Just as it’s important to not expect perfection of ourselves or other people, it’s also essential that we own our shortcomings. In the past several years I have been baffled by how a significant number of leaders whom I have observed have not acknowledged missteps. To take responsibility for malfunction is a sign of strength and not weakness. Discussion of deficiency with followers or subordinates is the setting of a good example by a leader. In the same way, addressing of incidents of breakdown shouldn’t include over-apologizing. It can include such statements as “I didn’t explain that as best as I could have”, “It wasn’t fair of me to expect that of you”, “I forgot”, “I dropped the ball” and so forth. It is healthy for leaders and followers alike to own shortcomings.
Mentoring is a training tool that is very much under used. There are two main types of mentoring – active and passive. Active mentoring occurs when there is an understood relationship of teaching between mentor and apprentice. The teacher must be aware that she is imparting and the student needs to know that she is receiving what is shared. In order for mentoring to be effective the learning must be welcomed and wanted by the understudy. Further, good tutelage doesn’t just happen. Both the trainer and trainee must do their best to ensure that planned mentoring sessions and meetings do not get squeezed out of their schedules due to the busyness of life. The second type, passive mentoring, occurs when there is not an understood instructional relationship and acquisition on the part of the person learning is primarily achieved through his observation. In fact, the two people concerned may never meet. A musician (or – dancer, videographer, singer, actor, painter and so forth) can learn a lot by observing, dissecting and reading about the art of others. Some mentoring relationships may involve both active and passive mentoring. However, nothing can replace a veteran musician intentionally sharing with a novice artist through a developing relationship how to be proficient. God created us to be in relationship and relationship is more important than any creation of art.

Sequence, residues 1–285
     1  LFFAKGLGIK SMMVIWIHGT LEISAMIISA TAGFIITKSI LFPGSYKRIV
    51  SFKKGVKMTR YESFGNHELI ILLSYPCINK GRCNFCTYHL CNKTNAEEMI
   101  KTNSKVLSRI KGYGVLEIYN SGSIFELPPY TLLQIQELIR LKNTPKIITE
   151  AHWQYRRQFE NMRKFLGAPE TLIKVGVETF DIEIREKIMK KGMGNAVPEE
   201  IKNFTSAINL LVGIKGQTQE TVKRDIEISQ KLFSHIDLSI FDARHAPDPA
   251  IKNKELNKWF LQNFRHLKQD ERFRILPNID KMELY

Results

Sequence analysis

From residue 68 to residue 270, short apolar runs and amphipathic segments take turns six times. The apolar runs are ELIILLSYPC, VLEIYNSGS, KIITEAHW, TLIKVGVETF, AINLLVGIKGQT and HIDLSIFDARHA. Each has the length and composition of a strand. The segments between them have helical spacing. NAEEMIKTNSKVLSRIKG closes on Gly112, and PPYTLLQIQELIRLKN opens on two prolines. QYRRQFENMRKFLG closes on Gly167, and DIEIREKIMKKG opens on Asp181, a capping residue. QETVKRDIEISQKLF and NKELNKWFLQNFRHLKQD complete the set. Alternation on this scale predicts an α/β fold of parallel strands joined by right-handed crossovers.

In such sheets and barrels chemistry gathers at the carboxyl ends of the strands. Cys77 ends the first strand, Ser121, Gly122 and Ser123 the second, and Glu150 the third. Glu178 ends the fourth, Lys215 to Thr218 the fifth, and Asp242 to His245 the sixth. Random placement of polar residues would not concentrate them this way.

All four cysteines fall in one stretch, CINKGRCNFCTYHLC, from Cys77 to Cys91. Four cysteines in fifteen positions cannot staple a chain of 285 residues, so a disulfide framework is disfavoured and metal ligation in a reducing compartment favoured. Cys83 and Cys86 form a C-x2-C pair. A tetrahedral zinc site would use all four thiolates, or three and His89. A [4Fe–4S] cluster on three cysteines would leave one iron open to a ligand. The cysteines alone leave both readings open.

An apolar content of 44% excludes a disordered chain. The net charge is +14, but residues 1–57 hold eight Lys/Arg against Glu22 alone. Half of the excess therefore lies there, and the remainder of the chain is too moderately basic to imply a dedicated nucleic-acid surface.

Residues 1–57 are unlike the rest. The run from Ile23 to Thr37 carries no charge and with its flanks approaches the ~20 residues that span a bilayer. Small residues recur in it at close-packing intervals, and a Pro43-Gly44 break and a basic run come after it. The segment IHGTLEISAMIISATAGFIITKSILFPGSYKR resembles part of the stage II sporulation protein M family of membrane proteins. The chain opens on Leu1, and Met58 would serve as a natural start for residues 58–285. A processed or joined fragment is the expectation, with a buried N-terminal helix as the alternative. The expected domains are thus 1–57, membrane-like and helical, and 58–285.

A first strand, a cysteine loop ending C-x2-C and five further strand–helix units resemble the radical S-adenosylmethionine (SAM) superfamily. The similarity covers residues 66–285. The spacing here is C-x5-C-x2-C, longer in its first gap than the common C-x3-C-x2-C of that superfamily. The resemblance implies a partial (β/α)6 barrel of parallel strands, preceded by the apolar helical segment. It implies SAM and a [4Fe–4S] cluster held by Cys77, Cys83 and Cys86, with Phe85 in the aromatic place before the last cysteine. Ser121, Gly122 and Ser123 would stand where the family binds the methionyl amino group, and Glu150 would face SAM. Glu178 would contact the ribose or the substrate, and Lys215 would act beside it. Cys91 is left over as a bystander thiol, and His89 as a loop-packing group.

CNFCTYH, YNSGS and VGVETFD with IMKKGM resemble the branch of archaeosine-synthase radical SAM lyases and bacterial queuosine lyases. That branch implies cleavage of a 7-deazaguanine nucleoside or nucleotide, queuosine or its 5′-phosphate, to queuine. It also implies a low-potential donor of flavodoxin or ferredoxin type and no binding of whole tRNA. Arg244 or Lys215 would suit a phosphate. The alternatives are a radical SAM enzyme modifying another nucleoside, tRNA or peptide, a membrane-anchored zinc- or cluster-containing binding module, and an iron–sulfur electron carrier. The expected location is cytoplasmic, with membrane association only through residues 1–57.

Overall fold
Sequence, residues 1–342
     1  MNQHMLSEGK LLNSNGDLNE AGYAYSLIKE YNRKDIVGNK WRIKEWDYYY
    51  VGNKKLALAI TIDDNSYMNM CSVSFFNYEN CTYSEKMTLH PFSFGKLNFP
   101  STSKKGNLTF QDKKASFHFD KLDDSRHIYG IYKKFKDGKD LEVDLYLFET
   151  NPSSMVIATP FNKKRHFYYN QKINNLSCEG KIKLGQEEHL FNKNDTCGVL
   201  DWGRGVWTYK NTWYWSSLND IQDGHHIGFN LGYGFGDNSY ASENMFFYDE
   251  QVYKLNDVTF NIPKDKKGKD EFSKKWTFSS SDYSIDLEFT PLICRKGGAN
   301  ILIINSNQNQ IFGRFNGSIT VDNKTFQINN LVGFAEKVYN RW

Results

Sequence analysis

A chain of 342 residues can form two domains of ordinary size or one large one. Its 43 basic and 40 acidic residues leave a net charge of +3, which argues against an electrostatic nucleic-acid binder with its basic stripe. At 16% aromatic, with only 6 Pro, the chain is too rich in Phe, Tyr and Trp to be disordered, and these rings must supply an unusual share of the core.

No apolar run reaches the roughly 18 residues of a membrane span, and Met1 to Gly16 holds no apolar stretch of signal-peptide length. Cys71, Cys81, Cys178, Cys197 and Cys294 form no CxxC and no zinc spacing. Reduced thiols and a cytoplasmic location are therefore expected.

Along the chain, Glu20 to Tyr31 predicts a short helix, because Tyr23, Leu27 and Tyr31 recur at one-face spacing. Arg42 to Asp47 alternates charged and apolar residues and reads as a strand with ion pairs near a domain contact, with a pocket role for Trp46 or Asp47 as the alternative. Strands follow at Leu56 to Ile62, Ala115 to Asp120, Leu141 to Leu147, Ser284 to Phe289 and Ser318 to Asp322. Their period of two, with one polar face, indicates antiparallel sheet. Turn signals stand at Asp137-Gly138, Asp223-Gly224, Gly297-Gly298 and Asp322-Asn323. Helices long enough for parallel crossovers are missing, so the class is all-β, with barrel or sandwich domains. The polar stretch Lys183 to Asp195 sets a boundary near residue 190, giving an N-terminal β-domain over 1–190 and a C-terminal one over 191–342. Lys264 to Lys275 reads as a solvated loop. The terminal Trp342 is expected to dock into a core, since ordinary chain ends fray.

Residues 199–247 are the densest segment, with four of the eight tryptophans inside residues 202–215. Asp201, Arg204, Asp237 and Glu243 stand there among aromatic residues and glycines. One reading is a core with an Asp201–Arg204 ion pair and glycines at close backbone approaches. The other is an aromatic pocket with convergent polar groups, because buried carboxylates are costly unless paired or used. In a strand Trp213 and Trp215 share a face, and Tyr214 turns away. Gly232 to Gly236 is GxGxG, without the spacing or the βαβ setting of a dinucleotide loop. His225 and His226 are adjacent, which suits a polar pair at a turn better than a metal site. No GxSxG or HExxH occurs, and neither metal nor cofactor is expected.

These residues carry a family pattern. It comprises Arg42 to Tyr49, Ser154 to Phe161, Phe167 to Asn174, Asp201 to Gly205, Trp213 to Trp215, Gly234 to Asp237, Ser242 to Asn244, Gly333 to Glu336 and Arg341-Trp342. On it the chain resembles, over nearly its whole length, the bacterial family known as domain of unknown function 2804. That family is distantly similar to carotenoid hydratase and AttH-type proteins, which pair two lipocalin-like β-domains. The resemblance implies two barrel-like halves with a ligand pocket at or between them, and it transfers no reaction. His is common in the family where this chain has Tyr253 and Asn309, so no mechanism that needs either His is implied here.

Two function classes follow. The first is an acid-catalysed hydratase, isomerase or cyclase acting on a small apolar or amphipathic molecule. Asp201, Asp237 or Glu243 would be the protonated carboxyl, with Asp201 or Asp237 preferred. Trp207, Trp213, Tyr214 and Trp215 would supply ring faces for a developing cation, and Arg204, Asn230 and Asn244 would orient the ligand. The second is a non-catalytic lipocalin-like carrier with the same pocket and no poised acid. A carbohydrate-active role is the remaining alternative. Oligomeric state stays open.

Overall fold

© Kev W Wood 2014
My post last week, ‘The Marinating of Art’, was regarding how created art needs to have time to ‘marinate’. This week I will address the question, ‘How long does it take for art to marinate?’ The answer is that it depends since different types of art require varying amounts of ‘lead time’ for preparation, and possibly creation also. A worship leader leading a song which both she and the congregation are familiar vs. a musician creating a new arrangement. Actors preparing execution of an existing work vs. a script being written and then performed. I encourage church service design teams to plan as far ahead as possible to allow for as many creative options as possible with different ideas and artistic disciplines needing different amounts of preparation time. How nice it was once to be booked at the beginning of September to minister in a Sunday morning worship service at the beginning of December with the pastor being able to tell me not only his topic and text but his main points as well. The advance notice and information helped me to prepare very well. In contrast, some excellent and creative ideas are conceived when it is too late to implement them, or to execute them with excellence. On this note, respecting volunteers (or even compensated artists) includes inviting them to be involved with sufficient notice. As I wrote last week – a commitment to excellence may result in an artist turning down an invitation to serve when there is not enough time to prepare well. We perform for an Audience of One. As we prepare a feast of artistic worship for him, may we take the time, effort and care to ensure that it is as seasoned as possible.
© Kev W Wood 2014
Some of the best advice that I received at one point during 21 years of working in group homes was to not tell ‘war stories’ to new staff. This wisdom also applies to arts ministry. War stories are those that often start with the words, “Well, when I was…” or “Well, I remember when…”. They are what veterans find tempting to share with novices; supervisors with subordinates; mentors with protégés. To not share war stories was good counsel since they may be the result of an urge in the teller but do not meet a need in the listener. Further, exchanging war stories can also lead to a back-and-forth conversational one-upmanship. A better use of communication is to support, affirm and encourage those whom we train, mentor and lead. Put another way, war stories are about reference points. If the resulting reference point helps the listener to have a more balanced, healthy and realistic perspective, the sharing of a war story has been beneficial (even if such a recalibration is difficult for the listener). On the other hand, if the new reference point is detrimentally and destructively disheartening and deflating, the teller likely should have resisted the urge and shown more discernment.
© Kev W Wood 2014